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AmeriGas Partners LP (APU) and UGI Corp (UGI) have a lot in common.

As an MLP, AmeriGas' corporate structure is split into limited partners and a general partner.

UGI is the sole General Partner-and owns 26%--of AmeriGas.

Both pay dividends to shareholders. But when it comes to dividends, this is where their differences become apparent.

UGI is a Dividend Aristocrat, which refers to companies in the S&P 500 that have raised dividends for 25+ years.

You can see the entire list of Dividend Aristocrats here.

Meanwhile, AmeriGas is a Dividend Achiever, one of 271 stocks with 10+ years of consecutive dividend increases.

You can see the full Dividend Achievers List here.

UGI has a much longer history of dividend increases, but AmeriGas has a much higher dividend yield.

This article will discuss the key differences between AmeriGas and UGI.

Business Overview

Winner: UGI

UGI has several various operating subsidiaries.

It has a large regulated natural gas utility business, with more than 600,000 customers, as well as a midstream and marketing segment.

It also has a large international footprint, with operations in 16 countries in Europe.

Lastly, UGI has an energy services segment, which sells natural gas and electricity to residential and business customers.

Overall, approximately half of UGI's annual earnings come from natural gas, with the other half derived from propane.

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Source: 2016 Investor Day Presentation, page 5

Last year, UGI reported adjusted earnings-per-share of $2.05, representing 2% growth from 2015.

UGI is more diversified than AmeriGas, both regarding product category and market penetration. This diversification gives it an advantage.

By contrast, AmeriGas is a much more focused company. It is the largest propane distributor in the U.S.

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Source: 2016 Annual Report, page 5

Propane sales account for nearly 90% of the company's annual revenue, with related equipment and accessories accounting for the remaining 10%.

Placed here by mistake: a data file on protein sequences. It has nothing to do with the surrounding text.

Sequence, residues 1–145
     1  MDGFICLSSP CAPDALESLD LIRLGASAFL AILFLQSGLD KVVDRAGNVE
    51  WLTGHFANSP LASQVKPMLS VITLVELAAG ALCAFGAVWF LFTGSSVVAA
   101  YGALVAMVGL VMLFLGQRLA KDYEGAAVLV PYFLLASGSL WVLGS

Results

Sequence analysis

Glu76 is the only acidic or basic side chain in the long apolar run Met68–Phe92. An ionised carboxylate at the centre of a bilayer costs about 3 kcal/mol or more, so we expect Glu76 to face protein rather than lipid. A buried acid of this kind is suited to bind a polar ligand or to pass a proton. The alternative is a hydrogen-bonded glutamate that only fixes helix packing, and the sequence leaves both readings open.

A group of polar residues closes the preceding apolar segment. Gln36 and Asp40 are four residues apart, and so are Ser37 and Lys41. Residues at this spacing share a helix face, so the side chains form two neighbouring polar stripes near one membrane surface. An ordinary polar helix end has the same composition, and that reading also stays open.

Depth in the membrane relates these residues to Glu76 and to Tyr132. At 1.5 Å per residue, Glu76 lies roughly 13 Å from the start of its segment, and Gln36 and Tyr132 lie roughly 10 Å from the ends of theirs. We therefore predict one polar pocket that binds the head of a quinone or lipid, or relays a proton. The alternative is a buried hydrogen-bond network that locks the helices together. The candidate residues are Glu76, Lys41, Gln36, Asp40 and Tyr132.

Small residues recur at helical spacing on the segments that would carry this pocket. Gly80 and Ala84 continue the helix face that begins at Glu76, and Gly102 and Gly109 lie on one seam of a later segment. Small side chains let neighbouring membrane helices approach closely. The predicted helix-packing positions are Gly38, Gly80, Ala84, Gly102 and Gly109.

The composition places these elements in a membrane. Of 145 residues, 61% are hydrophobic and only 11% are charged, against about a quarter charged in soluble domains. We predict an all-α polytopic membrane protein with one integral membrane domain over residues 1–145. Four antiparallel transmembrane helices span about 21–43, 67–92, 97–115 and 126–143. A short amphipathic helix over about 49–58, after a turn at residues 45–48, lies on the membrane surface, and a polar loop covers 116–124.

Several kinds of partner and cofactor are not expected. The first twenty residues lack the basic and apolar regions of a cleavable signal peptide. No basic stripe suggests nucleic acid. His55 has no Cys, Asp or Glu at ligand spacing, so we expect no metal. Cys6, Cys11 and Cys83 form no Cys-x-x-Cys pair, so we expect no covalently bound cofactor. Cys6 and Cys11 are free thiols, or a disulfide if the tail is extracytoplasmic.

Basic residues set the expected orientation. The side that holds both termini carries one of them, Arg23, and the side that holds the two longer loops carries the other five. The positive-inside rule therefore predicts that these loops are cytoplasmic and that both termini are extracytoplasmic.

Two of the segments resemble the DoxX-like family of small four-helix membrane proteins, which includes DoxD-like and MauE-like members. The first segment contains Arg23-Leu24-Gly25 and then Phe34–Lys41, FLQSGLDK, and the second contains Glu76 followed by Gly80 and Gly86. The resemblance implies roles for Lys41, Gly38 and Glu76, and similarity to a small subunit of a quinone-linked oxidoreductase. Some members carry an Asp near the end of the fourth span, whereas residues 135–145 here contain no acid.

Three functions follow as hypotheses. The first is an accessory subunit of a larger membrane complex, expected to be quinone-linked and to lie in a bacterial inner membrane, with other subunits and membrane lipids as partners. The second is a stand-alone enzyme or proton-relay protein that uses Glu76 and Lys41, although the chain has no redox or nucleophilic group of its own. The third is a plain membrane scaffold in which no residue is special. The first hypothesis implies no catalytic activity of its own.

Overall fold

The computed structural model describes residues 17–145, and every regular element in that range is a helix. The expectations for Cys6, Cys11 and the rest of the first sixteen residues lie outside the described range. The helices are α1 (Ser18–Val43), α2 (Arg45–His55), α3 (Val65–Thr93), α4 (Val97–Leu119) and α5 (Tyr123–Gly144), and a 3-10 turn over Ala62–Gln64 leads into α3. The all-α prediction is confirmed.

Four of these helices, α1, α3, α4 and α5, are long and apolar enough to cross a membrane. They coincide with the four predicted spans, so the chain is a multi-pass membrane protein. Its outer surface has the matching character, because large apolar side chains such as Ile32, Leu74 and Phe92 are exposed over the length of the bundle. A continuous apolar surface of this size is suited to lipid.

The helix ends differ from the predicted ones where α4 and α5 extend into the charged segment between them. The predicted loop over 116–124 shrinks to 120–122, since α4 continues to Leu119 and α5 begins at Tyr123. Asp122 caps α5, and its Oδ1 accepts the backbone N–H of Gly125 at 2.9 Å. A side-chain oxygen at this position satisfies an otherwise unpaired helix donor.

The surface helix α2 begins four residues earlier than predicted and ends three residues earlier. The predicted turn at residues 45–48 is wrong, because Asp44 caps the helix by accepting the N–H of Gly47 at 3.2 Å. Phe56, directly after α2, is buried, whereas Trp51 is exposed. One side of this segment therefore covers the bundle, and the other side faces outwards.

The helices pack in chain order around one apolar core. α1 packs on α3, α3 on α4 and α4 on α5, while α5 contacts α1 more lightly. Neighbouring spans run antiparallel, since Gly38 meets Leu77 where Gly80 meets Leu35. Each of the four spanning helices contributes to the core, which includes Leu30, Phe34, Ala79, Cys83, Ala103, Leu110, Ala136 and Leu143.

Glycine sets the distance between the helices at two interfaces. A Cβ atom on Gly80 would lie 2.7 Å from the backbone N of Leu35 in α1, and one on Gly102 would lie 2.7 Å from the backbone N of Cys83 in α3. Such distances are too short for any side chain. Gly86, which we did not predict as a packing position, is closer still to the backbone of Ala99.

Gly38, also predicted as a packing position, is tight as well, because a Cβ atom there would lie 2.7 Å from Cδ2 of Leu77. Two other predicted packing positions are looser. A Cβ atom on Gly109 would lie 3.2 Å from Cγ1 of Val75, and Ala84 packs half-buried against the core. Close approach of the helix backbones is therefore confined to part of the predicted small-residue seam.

AmeriGas enjoys some degree of certainty, as consumers will always need to heat their homes and businesses.

That said, this is a more complicated period than usual for AmeriGas, because of unseasonably warm weather in the U.S.

According to the company, 2016 was 15% warmer than usual, on average.

This caused AmeriGas' gallons sold and adjusted earnings before interest, tax, depreciation, and amortization (EBITDA) to decline 10% and 12%, respectively, in 2016.

Warmer temperatures reduce demand for propane, which impacts AmeriGas more so than UGI.

Growth Prospects

Winner: UGI

These difficult conditions persisted in the first quarter.

AmeriGas still managed to grow EBITDA by 4.2% for the quarter, despite warmer temperatures, thanks to higher volumes and cost controls.

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Source: Q1 Earnings Presentation, page 14

Still, AmeriGas has more limited growth prospects than UGI. The U.S. propane industry is essentially a saturated market.

It does have a few potential growth catalysts, however, in the form of customer additions, and improving its balance sheet.

For example, AmeriGas recently completed a cylinder exchange program, which helped the company boost 13% cylinder volume growth last quarter.

Furthermore, the company is refinancing its debt. It issued a tender offer for $500 million of 7% notes due 2022 and issued $700 million of 5.5% notes due 2025.